Hanukkah display a teaching moment
Inside each room in Fred Lepkin’s house on Walton Road, virtually every object hanging on the wall or sitting on a table has a story attached to it.
So the former long-time Burnaby South Secondary School teacher simply couldn’t resist the temptation to add a story to his front lawn too.
While others have adorned their yards with Christmas lights, reindeers and Santas in keeping with the season, Lepkin’s Jewish roots are on display in the form of a pair of didactics—informational boards—a nine-branched Hannukiah, and a dreidl or spinning top, during the eight-day Jewish celebration known as Hanukkah.
Many recognize the menorah and dreidl, but fewer know the stories behind them.
And when Canada Post issued a special stamp, one with the menorah, the other with dreidls, neither were accompanied by any information about their stories.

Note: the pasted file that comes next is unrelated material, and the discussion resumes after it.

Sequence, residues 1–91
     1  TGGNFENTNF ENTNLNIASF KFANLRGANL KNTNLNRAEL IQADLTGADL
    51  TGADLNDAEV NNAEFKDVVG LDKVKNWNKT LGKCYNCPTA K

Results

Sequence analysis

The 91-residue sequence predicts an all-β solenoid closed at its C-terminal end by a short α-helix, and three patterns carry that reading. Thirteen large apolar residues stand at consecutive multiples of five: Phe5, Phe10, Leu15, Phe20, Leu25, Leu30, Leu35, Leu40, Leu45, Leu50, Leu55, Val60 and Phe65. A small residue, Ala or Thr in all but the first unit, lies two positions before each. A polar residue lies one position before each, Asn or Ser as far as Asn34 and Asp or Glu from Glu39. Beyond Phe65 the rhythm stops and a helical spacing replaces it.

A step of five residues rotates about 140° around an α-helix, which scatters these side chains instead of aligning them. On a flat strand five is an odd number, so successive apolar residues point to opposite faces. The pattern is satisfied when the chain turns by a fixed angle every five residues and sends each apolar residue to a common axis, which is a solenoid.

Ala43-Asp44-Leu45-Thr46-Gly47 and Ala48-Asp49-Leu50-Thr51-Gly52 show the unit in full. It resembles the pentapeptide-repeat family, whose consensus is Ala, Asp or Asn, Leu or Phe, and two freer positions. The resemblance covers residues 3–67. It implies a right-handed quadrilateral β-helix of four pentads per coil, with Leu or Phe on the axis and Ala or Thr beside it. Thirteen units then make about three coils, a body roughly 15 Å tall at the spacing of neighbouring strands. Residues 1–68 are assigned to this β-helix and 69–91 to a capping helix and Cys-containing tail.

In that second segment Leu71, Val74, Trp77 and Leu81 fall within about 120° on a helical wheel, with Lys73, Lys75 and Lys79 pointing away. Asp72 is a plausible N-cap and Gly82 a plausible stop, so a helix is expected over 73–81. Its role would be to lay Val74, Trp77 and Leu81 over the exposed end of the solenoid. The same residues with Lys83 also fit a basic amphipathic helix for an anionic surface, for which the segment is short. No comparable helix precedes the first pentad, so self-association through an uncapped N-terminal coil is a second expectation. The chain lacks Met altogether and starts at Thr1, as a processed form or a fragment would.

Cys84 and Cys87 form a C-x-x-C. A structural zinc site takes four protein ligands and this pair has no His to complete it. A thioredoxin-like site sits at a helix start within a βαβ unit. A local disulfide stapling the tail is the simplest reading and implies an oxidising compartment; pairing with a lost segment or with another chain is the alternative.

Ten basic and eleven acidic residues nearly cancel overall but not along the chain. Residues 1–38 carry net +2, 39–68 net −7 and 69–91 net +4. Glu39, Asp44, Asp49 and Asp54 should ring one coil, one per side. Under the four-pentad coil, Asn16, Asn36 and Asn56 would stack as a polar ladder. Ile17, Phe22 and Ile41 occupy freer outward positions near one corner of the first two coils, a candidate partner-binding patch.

Lepkin said this teaching moment was lost.
“As a teacher, I didn’t want that,” he said.
Hanukkah means “dedication” in Hebrew, and commemorates the re-dedication of the Second Temple of Jerusalem in the second century B.C. when the Jews rose up against their Greek/Syrian oppressors. Often called the Festival of Lights, the holiday is celebrated with the lighting of the menorah, traditional foods, games and gifts.
The dreidl, or four-sided spinning top, is played with during Hanukkah and bears a Hebrew letter on each side, forming an acronym for “a great miracle happened there.”
Lepkin hopes that his display—created thanks to help from Ric Demchuk, Wayne Smutylo and Melinda, and Nigel and T.K.Y. Nursery—will help in some small way.
At the very least, it’s another conversation piece at a home that abounds with them.